This weekend, three dozen wild mustangs will be auctioned off in South Jersey.
These are not souped-up muscle cars, we’re talking about actual wild horses, gathered from open ranges in the American west. One wild mustang was caught in California, corralled, dewormed, driven across the country to New Jersey, and then christened Pauly D, after the hyper-coiffed dude from MTV’s “Jersey Shore.”
The horse is probably ten years old, and had never been saddled, ridden, or even touched by a human hand.
“The first day, week, half month, Pauly was so different from any other horse. He was so wild,” said Amanda Brantmayer, a trainer in Bridgeton, N.J., who had just three months to domesticate him. “Normally, a horse is raised in captivity and he’s been played with since he was a baby, so you just have to teach it stuff, it’s not scared of you. Him, he was scared of everything.”
Brantmayer takes Pauly D through simple training activities at her Diamond Shoe Farm ranch. She is one of about 35 foster parents in New Jersey, Pennsylvania, Maryland, New York, and Virginia breaking in wild mustangs for future adoptive parents. In just 90 days, they must train the horse to take a bridle, walk, trot, walk sideways, jump over objects, and generally become docile.
Brantmayer says that once Pauly D got used to people, he showed much more intelligence than an average horse. But he still a bit aloof.
“He won’t take treats,” said Brantmayer. “That’s been a really hard part of the whole process, because if you can get them to enjoy something that you have, you’re one up. And he doesn’t care. He could care less. “
The U.S. Bureau of Land Management keeps track of about 40,000 wild horses roaming free, mostly in the western states. For the health of both the land and the animals, the herds have to be thinned periodically. Culled horses are not killed, but “gathered” for domestication.
Those horses are having a particularly tough time now. Severe drought and rampant wildfires in the western United States have taken a toll.
“With what’s going on, we’ve had to gather more horses,” said Steven Meyer of the Bureau. “Now, with the economy, the adoptions are down. People don’t have the money to spend on horses. They’re an expensive hobby, especially in the East. People don’t have the funds.”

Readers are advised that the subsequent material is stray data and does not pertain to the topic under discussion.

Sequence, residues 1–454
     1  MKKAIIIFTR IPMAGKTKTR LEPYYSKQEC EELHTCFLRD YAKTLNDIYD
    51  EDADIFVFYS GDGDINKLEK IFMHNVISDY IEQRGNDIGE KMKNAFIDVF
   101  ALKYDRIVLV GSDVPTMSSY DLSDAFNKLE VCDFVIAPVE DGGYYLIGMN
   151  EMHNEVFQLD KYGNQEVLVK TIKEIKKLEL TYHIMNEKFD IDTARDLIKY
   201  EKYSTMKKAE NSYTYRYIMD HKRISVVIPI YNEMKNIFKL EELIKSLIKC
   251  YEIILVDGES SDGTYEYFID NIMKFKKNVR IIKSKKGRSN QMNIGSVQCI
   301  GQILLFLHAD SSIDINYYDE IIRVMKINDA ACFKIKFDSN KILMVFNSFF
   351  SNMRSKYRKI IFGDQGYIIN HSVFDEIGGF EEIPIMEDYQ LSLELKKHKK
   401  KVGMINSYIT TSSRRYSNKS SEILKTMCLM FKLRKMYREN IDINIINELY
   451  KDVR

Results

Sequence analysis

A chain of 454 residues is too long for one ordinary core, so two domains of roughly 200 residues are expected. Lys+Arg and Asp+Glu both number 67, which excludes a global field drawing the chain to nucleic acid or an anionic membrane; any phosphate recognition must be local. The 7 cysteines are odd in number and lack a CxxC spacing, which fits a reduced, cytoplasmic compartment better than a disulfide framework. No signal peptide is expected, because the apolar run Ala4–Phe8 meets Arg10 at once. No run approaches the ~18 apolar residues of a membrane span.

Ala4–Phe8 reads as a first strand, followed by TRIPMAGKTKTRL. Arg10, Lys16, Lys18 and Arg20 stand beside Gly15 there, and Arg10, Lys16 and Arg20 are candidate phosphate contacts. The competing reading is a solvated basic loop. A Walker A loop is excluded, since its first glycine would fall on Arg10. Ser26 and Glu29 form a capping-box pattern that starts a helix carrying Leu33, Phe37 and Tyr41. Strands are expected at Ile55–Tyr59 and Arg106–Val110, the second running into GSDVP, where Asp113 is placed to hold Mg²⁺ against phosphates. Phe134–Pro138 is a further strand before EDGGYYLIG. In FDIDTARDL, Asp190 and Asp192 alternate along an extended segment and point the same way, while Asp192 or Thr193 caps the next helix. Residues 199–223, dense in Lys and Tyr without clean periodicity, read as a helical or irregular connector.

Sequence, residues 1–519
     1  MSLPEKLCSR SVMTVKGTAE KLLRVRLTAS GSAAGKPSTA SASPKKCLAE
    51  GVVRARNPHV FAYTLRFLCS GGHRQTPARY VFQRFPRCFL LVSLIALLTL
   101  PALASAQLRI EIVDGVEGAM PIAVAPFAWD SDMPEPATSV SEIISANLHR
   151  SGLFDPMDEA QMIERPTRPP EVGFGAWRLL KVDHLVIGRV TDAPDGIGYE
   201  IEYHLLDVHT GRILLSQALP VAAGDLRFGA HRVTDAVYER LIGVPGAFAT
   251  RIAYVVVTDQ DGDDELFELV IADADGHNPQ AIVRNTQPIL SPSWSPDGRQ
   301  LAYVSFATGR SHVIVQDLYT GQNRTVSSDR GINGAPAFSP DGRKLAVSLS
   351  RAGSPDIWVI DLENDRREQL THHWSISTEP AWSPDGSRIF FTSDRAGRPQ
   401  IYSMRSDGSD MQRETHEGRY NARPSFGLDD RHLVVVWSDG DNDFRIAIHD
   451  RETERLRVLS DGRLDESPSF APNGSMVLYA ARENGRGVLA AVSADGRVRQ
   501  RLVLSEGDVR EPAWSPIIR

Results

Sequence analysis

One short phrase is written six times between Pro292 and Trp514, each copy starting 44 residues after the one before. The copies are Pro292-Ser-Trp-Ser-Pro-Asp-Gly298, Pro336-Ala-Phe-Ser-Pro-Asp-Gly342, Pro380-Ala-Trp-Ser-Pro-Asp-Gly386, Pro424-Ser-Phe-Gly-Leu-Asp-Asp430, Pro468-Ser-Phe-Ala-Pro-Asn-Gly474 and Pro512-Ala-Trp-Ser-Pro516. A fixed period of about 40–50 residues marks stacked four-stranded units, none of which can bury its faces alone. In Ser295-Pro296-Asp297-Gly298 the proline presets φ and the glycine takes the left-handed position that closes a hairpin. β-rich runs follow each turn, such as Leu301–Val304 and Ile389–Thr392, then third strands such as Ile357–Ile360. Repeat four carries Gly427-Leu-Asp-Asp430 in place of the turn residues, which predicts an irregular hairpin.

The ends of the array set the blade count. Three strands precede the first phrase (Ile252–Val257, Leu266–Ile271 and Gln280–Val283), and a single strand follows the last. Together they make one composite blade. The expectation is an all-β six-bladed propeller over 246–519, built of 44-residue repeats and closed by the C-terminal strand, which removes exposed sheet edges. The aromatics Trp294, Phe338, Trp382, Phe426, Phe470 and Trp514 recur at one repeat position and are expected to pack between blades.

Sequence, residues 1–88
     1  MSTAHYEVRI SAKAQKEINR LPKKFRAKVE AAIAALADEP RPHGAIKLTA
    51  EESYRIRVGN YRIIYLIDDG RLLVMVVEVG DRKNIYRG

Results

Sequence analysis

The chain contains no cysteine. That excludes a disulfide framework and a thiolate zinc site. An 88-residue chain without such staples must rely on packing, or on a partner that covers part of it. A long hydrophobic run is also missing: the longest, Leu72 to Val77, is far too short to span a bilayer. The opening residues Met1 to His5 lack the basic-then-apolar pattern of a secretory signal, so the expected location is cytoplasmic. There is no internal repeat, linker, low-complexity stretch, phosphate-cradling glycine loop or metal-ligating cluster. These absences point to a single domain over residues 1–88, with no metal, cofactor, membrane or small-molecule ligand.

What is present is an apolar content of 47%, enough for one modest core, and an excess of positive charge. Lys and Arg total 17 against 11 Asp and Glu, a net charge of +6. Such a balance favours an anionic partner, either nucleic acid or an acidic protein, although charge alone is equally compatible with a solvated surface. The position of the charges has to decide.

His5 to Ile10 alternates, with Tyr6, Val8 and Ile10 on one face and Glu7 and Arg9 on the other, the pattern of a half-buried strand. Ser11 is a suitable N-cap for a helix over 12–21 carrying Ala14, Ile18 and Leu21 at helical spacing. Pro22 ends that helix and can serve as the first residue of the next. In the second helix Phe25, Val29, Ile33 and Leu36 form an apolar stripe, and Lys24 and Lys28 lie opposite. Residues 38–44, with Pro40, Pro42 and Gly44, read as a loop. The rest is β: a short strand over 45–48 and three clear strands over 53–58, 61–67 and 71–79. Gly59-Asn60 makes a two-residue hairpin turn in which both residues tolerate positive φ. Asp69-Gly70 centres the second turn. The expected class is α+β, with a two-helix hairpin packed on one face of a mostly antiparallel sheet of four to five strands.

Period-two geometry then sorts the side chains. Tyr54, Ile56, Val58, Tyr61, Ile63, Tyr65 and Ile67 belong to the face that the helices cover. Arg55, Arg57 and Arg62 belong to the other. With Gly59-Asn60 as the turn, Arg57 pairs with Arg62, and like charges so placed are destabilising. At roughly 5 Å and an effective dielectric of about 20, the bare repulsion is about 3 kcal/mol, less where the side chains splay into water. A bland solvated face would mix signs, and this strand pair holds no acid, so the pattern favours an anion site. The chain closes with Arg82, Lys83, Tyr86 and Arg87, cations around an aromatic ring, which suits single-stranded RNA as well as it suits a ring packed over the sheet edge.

To get people excited about wild mustangs, the Bureau of Land Management partnered with the Mustang Heritage Foundation out of Forth Worth, Texas, to hold “Extreme Mustang Makeovers.” These adoption events are competitions where trainers show off their foster horses for prize money, and then they are auctioned off.
What a difference three months can make: the horses can trot, walk backwards on cue, do rope tricks, even jump through a flaming hoop.
“Some of them are just going to be amazing,” said Stormy Mullins of the Mustang Heritage Foundation. “Kind of like any contest, there’s a bell curve: few rise to the top, a bunch are OK, and a few not so good. The horses will appear gentle — and they are. They have only been trained three months. But they’ll look like a horse that’s been trained for years”
The Mustang Heritage Federation told Brantmayer that Pauly D was a 6-year old mustang, but after inspecting his teeth she believes the horse is closer to 12 years old. He also has a knot on his foreleg, likely from a scuffle with another horse.
Another trainer, Morgan Ilic, 22, from nearby Franklinville, N.J., accepted a 5-year old mustang she named Grumby, and discovered no health issues.
“He’s always trying to do what you want, even if he’s scared,” said Ilic. “That’s his only thing, is he can be a little scared. If he has someone working with him that’s confident in themselves and is a good leader, he’s perfectly fine.”
Since 2007 the Mustang Heritage Foundation has coordinated horse adoption showcases in 11 states, sometimes drawing thousands of spectators, but until now never in New Jersey. Wild horses tend to be west of the Rockies, and transporting them to eastern states is a burden.
The experiment in New Jersey is due to a perceived rise in horses in the region. Stormy Mullins says he is expecting about a thousand people to bid on the 35 horses at the event being held at Dream Park Equestrian Center near the Commodore Barry Bridge.